Workbee CNC Build


Ian

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I've wanted a CNC machine for many years, as there are often times that I would like to manufacture something out of Aluminium plate (usually to build another machine or piece of hardware!). Last year I found that there were a few open source CNC router plans (OX, Workbee and a few others) which looked like a great place to start a custom build. I've been working on it so sporadically over the past 6 months, I'm fairly sure I mentioned to @Retired in a PM that I hoped it would be ready by Christmas ;). It's nearly April, but it's finished :D.

Last year I bought the plates required to build the Workbee CNC machine (the 6mm black plates appearing on the top half of the build), then sourced a lot of the other components independently as I wanted to customise the build significantly. Normally the Workbee CNC machine would sit on a workbench and use a low powered motion controller + handheld router for a spindle. Instead, I've built an all-in-one unit that will house much more capable electronics, a 1.5kw spindle + VFD, basic CNC control panel and plenty of storage space for cutting stock. Most of the unit above spoil board level is based on the open source Workbee design, anything below is my design. The unit is built primarily with Misumi 2020 Aluminium extrusion, plus 2020 v-slot extrusion for the gantry parts.

For reference, the Workbee was designed by the guys at Oozenest (https://ooznest.co.uk/), who have always been a pleasure to buy parts from. I've also heavily used OpenBuilds parts (https://www.openbuilds.com) for lots of the connectors as it works so well with aluminium extrusion.

Here's a photo from the back of the machine, which shows the power indicators and connections for all of the motors, probes and endstops. The heatshrink on the cables hasn't been set on this photo, as I had just finished the wiring this morning. The two doors open to the electronics bay, which contains the VFD, arduino controllers, Raspberry Pi, PSUs and stepper drivers:

1871


Here's a photo of it from the front, where you can see a very basic control panel - including start/hold/stop buttons, emergency stop and a "spindle enable" switch. The centre panel contains a touch screen which shows cutting progress of the job (and can control more advanced functions), the right panel houses jogging joysticks and some common control buttons. There's also a drawer for collets, cutting bits and accessories hidden under the control panel. Excuse the poor lighting, I hadn't realised how the photo looked until I uploaded it just now!

1873


I'm so glad that this machine is now finished, I just need to order in some aluminium plate so I can get stuck in! I'll likely start playing round with testing feeds+speeds on some wood next week to get the hang of the software and cutting process :). I'll post more pics when I have some end results.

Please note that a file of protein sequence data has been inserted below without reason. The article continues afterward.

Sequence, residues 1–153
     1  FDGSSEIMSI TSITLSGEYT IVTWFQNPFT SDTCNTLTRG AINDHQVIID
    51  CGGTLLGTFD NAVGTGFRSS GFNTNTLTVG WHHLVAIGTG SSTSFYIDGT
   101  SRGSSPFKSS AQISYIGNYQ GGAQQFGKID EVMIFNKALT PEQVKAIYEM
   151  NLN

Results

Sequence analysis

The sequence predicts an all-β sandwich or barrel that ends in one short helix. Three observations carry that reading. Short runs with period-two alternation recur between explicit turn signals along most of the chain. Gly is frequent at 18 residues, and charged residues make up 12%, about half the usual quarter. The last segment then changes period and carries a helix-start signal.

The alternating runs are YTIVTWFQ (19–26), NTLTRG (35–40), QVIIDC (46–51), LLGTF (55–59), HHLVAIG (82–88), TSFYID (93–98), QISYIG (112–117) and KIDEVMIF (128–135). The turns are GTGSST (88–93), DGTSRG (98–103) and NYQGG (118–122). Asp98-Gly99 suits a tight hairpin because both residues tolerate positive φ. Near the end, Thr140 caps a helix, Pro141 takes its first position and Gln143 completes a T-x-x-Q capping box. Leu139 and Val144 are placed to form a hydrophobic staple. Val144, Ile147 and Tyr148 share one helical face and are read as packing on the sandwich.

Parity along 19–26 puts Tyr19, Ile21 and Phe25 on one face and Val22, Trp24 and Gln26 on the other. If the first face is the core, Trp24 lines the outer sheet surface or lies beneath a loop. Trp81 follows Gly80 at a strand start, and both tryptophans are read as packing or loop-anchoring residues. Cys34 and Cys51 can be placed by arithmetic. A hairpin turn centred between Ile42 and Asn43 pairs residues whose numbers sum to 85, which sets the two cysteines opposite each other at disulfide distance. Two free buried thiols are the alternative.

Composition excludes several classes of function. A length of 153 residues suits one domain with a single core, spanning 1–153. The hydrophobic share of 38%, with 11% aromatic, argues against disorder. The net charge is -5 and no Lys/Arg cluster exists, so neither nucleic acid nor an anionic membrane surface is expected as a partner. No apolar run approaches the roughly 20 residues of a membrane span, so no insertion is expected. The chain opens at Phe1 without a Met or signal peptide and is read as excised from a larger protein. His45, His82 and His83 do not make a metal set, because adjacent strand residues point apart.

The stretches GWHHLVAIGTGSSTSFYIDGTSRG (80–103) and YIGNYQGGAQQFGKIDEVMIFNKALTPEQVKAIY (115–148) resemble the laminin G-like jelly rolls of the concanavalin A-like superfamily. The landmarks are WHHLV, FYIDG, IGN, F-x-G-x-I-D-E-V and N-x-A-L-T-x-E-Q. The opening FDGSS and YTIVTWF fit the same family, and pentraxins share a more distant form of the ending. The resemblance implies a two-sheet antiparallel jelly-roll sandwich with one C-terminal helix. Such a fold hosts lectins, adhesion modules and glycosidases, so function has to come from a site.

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Hi,

What an outstanding achievement Ian; very well done indeed. Thanks for the plug and yes you did tell me you hoped to have it finished by Christmas but didn't state which Christmas; I've been privileged to follow your work in progress and although it's taken you longer than expected you've not taken any short cuts; the end result is brilliant and something I too would enjoy having a go at if only I had the space.

What are the two black squares in the middle of the top picture; are these cooling fans and if so will they be troubled by dust? I'm also interested in the 1.5kW spindle you've used; I'm completely unfamiliar with these spindles so would very much appreciate more information please; I've often seen these spindles advertised on eBay but never looked into them in any detail; I am however very familiar with VFD's having bought a 2.2KW Huanyang VFD (variable frequency drive) many years ago firstly using the VFD to power a single lathe but about four years ago used this VFD to power both my Lorch Schmidt metal turning lathe and my Graduate wood turning lathe both lathes having identical 1.1KW inverter rated motors; these VFD's will run smaller motors once the parameters are adjusted; this means the 2.2KW VFD will run a 1.1KW motor without any trouble at all once set up; I used switching between lathes allowing one lathe at a time to be run and I also added remote controls for speed/start/stop and reverse; I did however run into serious problems with the remote control cables; this really did baffle me for quite a while until I realized it was "cross talk" between motor power and remote control cables; in the end I used Cat 6 cable for the remote controls and ran the cable away from the motor power cables which cured the problem and both lathes have been fine since. These VFD's are wonderful and cost very little (around £100) for so much technology; these VFD's are difficult for a novice to set up and can be highly dangerous; in use the VFD has another danger in that if the motor being powered by the VFD suffers an overload situation the motor is boosted rather like having a turbo installed the power delivered by the VFD increased up to 50%.

I don't want to steal your thunder Ian because I've very impressed by what you've done and it would take me a lot of time to research the electronics you've successfully built in so top credit to you especially since I know you've had more pressing things to do than get this up and running; it looks very professional too and anyone would think it's a factory built machine; I'd have certainly thought so if I hadn't been following your work in progress which by the way I fully appreciated.